Theater review: Truth on trial in TP's timely 'Pag-uusig'

Fred Hawson

Posted at Oct 01 2017 06:53 PM

MANILA -- "Ang Pag-uusig" is the Filipino translation of the classic 1953 Arthur Miller play "The Crucible." We usually know the word "crucible" to mean a vessel used in conditions of extreme heat. In the context of the play's title, "crucible" also means an extremely trying test or experience. This is the same meaning expressed in the Filipino word "pag-uusig" meaning a trial, but it is more usually used to refer to a legal trial. 

It was 1692 in Salem, Massachusetts. A girl named Abigail Williams and her posse of suggestible girls accused several townsfolk, in particular Mrs. Elizabeth Proctor, of being witches. It turned out that this was a personal vendetta against Mrs. Proctor, who fired Abigail from being their maid because of her loose morals.

John Proctor fought for his wife's innocence by convincing their new maid Mary Warren to testify in her favor. However in front of the Deputy Governor Danforth and Judge Hathorne in the courthouse, Abigail and her friends resume their false demonic possession act to turn the judges against Mary Warren and the Proctors. 

The men of Salem. TP publicity photo

The Filipino translation done by Ateneo Philippine Literature and Theater professor Jerry Respeto is easy to understand yet powerfully eloquent despite the alien situations and names to which the language applied. There were some surprising seemingly modern-sounding Filipino words used which drew audible reactions from the audience. It was just too bad that some of these words could hardly be heard clearly as delivered by some actors. 

The stage designed by Ohm David was basically an imposing wall made of dark-colored wooden panels serving as the backdrop. This was converted by the Parris residence to the Proctor residence to the Salem Courthouse by spare and simple set pieces. This wall will reveal an eerie scene behind it by the end of Act IV.

The costumes were designed by James Reyes. These were mostly in drab colors -- blacks, whites and browns of Puritan America. The only color onstage are worn by the trouble-making Abigail and her friends, who had bright colored accents in their dresses. Weird though why the character of Judge Hathorne was wearing a working barong Tagalog, further emphasizing the awkward portrayal by Daniel Gregorio.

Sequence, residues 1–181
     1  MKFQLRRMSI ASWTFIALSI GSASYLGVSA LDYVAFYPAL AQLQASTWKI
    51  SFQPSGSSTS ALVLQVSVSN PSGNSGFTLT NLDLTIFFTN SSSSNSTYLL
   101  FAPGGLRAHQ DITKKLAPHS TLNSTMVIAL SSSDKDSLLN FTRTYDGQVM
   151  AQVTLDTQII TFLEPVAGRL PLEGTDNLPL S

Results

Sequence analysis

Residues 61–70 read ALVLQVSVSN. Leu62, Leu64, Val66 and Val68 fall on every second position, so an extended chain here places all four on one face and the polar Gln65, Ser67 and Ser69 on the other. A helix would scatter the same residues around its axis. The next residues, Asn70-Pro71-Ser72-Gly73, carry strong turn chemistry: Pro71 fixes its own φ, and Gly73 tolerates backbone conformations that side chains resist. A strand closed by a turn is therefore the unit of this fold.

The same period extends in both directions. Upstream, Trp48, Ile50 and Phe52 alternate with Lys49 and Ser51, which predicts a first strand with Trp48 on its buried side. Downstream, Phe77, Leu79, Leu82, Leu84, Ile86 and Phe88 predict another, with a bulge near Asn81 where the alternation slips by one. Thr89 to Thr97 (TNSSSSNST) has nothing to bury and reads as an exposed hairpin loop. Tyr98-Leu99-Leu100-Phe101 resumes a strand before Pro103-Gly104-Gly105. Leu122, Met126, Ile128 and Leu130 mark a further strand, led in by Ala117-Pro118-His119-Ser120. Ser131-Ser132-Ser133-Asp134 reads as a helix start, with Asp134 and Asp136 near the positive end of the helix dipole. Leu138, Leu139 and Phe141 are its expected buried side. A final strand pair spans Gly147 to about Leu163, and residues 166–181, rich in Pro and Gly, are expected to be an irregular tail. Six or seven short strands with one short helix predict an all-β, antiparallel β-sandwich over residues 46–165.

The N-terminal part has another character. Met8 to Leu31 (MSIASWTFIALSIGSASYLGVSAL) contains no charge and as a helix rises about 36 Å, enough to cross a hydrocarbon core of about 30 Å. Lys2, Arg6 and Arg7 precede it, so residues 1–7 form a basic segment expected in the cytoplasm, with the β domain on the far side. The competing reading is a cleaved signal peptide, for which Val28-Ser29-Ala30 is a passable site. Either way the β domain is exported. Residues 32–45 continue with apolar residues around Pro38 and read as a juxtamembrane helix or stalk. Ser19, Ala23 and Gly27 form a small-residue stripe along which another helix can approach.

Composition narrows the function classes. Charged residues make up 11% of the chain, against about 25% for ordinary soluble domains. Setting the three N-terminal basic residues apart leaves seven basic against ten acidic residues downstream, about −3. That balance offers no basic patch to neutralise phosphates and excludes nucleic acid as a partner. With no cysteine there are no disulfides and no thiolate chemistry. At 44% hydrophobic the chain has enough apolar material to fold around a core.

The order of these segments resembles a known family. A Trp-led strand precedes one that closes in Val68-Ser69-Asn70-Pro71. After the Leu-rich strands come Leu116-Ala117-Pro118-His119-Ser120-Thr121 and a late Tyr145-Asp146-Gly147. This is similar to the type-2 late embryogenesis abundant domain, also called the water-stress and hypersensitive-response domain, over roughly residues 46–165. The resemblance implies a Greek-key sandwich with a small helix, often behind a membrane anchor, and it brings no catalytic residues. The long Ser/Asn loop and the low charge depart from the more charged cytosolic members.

The women of Salem. TP publicity photo

The cast is composed of the Tanghalang Pilipino Actors Company. 

As the man in the middle of all the intrigue, JV Ibesate was intense as the disgraced and desperate John Proctor. I think this was the best performance I had ever seen him in with the TP crew. The scene when he publicly admitted his greatest sin in Act III, and his passionate scene with his wife in Act IV were so well-played. 

Jonathan Tadioan looked quite at home playing the despotically authoritative Danforth. He had deluded himself to be absolute correct, unable to go back anymore on any of his past actions. Marco Viana played the hypocritical Rev. Parris. His best scene was that revealing his all-too selfish reasons like a frayed bundle of nerves in Act IV. 

Joshua Tayco was really trying his best to project maturity as witch-hunter Reverend John Hale but his young age gets in his way. This was the same limitation with Aldo Vencilao as Giles Corey, an elderly man whose curiosity about the book his wife was reading led to her being arrested as a witch. Ybes Bagadiong played the greedy Thomas Putnam, a casting choice that did not seem too fit.

Since there were only 12 of them, some ladies are playing two roles, which can be a little confusing since they play contrasting characters. Doray Dayao played both upright Elizabeth Proctor (in a show of remarkable quiet strength) and the slave Tituba, who knew black magic. Lhorvie Nuevo played both the flighty Mary Warren (a character who perfectly fit her quirky personality) and the saintly old Rebecca Nurse (a role where she felt miscast). 

Antonette Go revealed more of her acting range as the wickedly manipulative Abigail Williams. Go's powerful performance boils up so much feeling of hate for this shameless, remorseless character. That moment in Act III where the despicable Abigail conjures up an imaginary yellow bird representing Mary Warren's spirit possessing her and her girls (Eunice Pacia as Mercy Lewis, Monique Nellas as Susana Walcott and Blanche Buhia as Betty Parris) was a memorable highlight of female group hysteria, and Go was the charismatically malevolent spirit in the midst of it all. 

Kudos to director Dennis Marasigan and the rest of the Tanghalang Pilipino cast and crew. Being presented by TP, you cannot help but feel an undeniable political undercurrent throughout the witch-hunt scenes and how it mirrored the current situation in the country these days. 

As Arthur Miller used this play to comment on McCarthyism and the communist scare, TP is using this play now to comment on the drug war and EJKs. Such is the compelling timelessness of well-written theater. 

"Ang Pag-Uusig" will run from September 29 to October 22 with 8 p.m. shows every Friday and Saturday, and 3 p.m. matinees every Saturday and Sunday. The venue is in the intimate Tanghalang Huseng Batute at the Cultural Center of the Philippines.

This review was originally published in the author's blog, "Fred Said."